Go to the Globe and Mail homepage

Jump to main navigationJump to main content



Royal couple visits Vancouver pregnancy outreach program Add to ...

The Duke and Duchess of Cambridge made stops centred around substance use, refugee resettlement and mental health when their tour of British Columbia took them to Vancouver on Sunday.

Upon arriving by seaplane in Coal Harbour, Prince William and his wife, Catherine, were taken to Sheway, a pregnancy outreach program in the city’s Downtown Eastside. The facility, which provides health and social services to marginalized women who are either pregnant or have young children, was modelled after Glasgow Women’s Reproductive Health Service Unit, which Prince William’s mother, Diana, toured during its opening in 1990.

Prince William and Catherine meet Vancouver mothers battling addiction (CP Video)

In photos: Day 2 of the Royal Visit

Read more: Where’s William? Your guide to the royal visit to Western Canada

Read more: Royals step into the Great Bear

The Duke and Duchess spoke with mothers at Sheway about their experiences and received stuffed teddy bears from the children.

Cameo Hydrochuck, 28, a mother, said the couple was down to earth and “just like real people.” She said she felt blessed and excited to meet them and have the opportunity to show the world that there are positive stories emerging from the Downtown Eastside.

“There’s a lot of people doing new things, a lot of people that are doing very well out here, and they need to see that. People need to see that,” Ms. Hydrochuck said. “I think it’s neat that they’re seeing real people and meeting new people that are changing their lives and making a big difference.”

Jordanna Coleman, another Sheway client, said her three-month-old pooped upon the royal couple’s arrival, necessitating a quick change of clothes.

“Prince William said, ‘They always have the best timing, don’t they?’” she said afterward with a laugh.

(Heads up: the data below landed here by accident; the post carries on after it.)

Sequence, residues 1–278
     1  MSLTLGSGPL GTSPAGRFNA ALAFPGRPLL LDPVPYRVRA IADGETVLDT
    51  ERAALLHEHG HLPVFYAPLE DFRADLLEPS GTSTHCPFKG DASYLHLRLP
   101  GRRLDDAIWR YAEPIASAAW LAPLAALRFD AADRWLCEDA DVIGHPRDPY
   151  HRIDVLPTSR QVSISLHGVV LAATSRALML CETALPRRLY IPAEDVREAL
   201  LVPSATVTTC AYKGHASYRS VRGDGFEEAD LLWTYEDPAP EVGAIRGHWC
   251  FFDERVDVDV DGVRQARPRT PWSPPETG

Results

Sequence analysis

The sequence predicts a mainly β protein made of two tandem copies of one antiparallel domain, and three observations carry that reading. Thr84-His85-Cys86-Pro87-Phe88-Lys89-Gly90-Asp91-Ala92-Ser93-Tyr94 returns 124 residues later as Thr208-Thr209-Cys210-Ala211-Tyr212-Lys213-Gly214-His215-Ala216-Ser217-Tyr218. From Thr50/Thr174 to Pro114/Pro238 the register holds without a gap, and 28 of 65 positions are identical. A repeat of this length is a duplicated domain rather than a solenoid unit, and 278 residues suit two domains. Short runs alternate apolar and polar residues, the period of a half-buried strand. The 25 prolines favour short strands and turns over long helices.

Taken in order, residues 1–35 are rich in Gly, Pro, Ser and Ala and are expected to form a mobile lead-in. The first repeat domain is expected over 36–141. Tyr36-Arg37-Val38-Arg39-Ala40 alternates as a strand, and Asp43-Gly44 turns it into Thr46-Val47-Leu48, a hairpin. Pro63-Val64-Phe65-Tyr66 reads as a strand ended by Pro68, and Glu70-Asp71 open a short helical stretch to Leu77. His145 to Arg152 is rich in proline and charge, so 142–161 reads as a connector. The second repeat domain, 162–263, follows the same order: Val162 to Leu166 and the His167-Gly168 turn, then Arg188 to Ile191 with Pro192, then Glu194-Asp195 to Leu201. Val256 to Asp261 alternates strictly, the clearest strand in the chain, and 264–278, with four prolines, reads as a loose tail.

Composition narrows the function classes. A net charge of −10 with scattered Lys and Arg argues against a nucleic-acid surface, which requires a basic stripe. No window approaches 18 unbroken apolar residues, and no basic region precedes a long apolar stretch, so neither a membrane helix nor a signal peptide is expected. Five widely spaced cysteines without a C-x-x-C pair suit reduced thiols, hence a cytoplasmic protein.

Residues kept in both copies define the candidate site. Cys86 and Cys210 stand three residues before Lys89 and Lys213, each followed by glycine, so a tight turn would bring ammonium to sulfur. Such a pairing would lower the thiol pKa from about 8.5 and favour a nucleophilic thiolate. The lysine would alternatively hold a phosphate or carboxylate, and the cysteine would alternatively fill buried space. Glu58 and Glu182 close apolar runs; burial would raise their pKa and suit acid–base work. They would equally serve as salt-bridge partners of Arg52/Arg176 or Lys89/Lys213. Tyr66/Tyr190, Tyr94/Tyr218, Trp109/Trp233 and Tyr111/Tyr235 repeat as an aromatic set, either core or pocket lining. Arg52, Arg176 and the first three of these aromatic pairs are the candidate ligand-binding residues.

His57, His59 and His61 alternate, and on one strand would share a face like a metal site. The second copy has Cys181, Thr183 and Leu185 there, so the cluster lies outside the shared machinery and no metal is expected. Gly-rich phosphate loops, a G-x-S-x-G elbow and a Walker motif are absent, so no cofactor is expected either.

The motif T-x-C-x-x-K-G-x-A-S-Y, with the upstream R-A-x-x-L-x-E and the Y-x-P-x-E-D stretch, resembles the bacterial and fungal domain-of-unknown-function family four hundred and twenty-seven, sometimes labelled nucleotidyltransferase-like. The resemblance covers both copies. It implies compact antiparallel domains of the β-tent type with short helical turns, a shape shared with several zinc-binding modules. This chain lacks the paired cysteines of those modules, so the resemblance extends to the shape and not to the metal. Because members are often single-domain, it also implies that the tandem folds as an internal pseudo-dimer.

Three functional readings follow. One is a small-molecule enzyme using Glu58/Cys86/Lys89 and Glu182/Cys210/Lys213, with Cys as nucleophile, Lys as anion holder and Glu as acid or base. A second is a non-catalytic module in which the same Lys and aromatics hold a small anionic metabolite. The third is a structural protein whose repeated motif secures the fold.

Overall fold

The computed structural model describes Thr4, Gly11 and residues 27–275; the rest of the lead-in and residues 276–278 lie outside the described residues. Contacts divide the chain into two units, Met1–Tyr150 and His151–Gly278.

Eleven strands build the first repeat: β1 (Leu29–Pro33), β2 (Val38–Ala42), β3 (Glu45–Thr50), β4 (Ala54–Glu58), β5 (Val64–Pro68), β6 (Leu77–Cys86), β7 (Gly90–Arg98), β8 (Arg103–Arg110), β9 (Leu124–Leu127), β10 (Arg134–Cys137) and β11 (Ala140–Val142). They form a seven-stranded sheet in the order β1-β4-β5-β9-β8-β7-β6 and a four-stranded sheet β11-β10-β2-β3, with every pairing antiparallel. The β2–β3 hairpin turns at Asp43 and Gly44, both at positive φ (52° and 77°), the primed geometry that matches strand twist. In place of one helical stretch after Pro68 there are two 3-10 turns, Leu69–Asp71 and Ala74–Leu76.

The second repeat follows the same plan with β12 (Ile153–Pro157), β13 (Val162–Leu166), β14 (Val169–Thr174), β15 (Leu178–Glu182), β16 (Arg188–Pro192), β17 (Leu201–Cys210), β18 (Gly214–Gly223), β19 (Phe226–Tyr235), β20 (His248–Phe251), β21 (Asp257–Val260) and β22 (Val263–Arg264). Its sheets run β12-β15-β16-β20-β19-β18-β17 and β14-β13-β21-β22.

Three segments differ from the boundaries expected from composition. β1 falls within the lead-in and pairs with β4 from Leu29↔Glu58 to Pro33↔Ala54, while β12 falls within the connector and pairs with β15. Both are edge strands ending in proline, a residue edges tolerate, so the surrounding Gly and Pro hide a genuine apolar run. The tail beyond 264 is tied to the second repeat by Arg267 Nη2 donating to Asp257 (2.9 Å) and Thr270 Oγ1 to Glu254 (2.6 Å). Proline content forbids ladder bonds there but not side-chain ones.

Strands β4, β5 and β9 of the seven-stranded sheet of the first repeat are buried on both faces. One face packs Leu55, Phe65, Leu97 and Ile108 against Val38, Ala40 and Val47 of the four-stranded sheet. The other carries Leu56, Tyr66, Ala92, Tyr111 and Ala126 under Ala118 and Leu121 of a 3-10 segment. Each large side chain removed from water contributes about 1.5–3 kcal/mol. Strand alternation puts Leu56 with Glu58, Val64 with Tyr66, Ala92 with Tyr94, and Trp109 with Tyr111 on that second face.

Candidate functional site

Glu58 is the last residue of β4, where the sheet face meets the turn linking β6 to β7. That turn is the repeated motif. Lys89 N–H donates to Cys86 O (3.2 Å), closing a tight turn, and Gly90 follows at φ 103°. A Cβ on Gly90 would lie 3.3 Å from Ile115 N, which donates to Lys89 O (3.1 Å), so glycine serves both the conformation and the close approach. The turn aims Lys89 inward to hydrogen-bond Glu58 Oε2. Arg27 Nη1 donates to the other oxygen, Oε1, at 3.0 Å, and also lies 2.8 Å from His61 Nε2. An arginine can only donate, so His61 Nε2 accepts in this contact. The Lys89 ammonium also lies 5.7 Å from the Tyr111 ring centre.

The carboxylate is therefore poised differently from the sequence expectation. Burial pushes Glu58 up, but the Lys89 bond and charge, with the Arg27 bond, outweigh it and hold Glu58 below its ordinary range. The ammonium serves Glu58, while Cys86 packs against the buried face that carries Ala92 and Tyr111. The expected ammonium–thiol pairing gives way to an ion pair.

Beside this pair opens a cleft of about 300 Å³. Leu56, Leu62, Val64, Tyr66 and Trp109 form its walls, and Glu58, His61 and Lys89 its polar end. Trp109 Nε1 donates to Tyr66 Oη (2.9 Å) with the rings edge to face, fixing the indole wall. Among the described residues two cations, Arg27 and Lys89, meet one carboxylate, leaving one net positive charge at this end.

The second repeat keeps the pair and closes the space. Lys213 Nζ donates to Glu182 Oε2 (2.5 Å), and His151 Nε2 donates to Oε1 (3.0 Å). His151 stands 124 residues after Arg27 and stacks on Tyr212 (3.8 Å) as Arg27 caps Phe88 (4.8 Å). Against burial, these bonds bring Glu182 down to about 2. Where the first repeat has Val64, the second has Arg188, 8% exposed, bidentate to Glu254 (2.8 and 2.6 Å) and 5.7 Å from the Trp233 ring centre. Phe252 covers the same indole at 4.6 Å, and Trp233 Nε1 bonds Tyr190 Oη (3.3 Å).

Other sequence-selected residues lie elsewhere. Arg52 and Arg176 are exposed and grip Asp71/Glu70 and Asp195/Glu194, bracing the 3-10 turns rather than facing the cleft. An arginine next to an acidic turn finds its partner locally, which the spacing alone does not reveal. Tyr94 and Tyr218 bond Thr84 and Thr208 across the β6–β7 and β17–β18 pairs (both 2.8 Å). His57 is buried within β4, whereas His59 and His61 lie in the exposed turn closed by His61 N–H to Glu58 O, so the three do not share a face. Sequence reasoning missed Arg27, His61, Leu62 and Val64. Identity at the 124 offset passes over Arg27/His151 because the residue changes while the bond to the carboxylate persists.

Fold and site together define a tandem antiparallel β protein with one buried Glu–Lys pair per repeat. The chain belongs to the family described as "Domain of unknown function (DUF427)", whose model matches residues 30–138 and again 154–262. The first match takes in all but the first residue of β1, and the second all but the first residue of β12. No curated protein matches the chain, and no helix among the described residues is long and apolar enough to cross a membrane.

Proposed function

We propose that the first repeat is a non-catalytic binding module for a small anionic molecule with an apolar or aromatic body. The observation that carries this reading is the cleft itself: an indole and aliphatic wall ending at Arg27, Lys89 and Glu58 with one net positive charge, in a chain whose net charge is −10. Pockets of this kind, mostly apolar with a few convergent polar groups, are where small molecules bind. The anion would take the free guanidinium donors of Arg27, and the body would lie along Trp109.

Sheway manager Patti Zettel said the Duke and Duchess’s visit was “a testament to the Royal Family’s multi-generational interest and support for these programs,” and called Sunday’s tour “very much a full-circle moment.”

At the Immigrant Services Society of B.C.’s new welcome centre, the couple met Prime Minister Justin Trudeau, his wife, Sophie Grégoire Trudeau, Premier Christy Clark and several refugee families.

Mr. Trudeau spoke about his government’s efforts to welcome 25,000 Syrian refugees, but said the “real story” was the Canadians who volunteered their time at organizations such as ISSofBC and families across the country who sponsored refugees. Prince William nodded as he listened to the Prime Minister.

ISSofBC CEO Patricia Woroch said the visit was an opportunity to showcase the society’s unique support services. She is particularly proud of its Multicultural Youth Circle (MY Circle) program, for example, which provides training and support to immigrant children and refugees who face issues such as social isolation, trauma, racism, family conflict and communication barriers.

“We’ve gone through about 63 [80-hour-long] trainings to date, and about 1,000 young people,” Ms. Woroch said. “We’re hoping that we’ll get attention from other agencies not only in Canada, but throughout the world, to look at this as a model for what they might want to do. We’re very keen to share our expertise and knowledge.”

Prince William asked a refugee from Afghanistan about how the society had benefited him, and the refugee replied that it helped him get into a technology course so he could learn new skills.

The day concluded with a tour of the Kitsilano Coast Guard Station, which the Liberal government reopened this spring three years after it was closed by the previous Conservative government. There, the Duke and Duchess, Mr. Trudeau, Ms. Grégoire Trudeau and Vancouver Mayor Gregor Robertson spoke with first responders about mental health.

Roger Girouard, assistant commissioner for the Canadian Coast Guard’s western region, was among those at the roundtable discussion. He said Prince William, who served as an air ambulance pilot for the Royal Air Force, was highly engaged and intimately aware of the topic.

“His Royal Highness, of course, is a search and rescue pilot. It was a topic that meant something to him,” Mr. Girouard said afterward. “Of course, he saw the impact on folks that he was working with, and victims when he was out doing his rescues.”

Report Typo/Error

Follow on Twitter: @andreawoo

Next story




Most popular videos »

More from The Globe and Mail

Most popular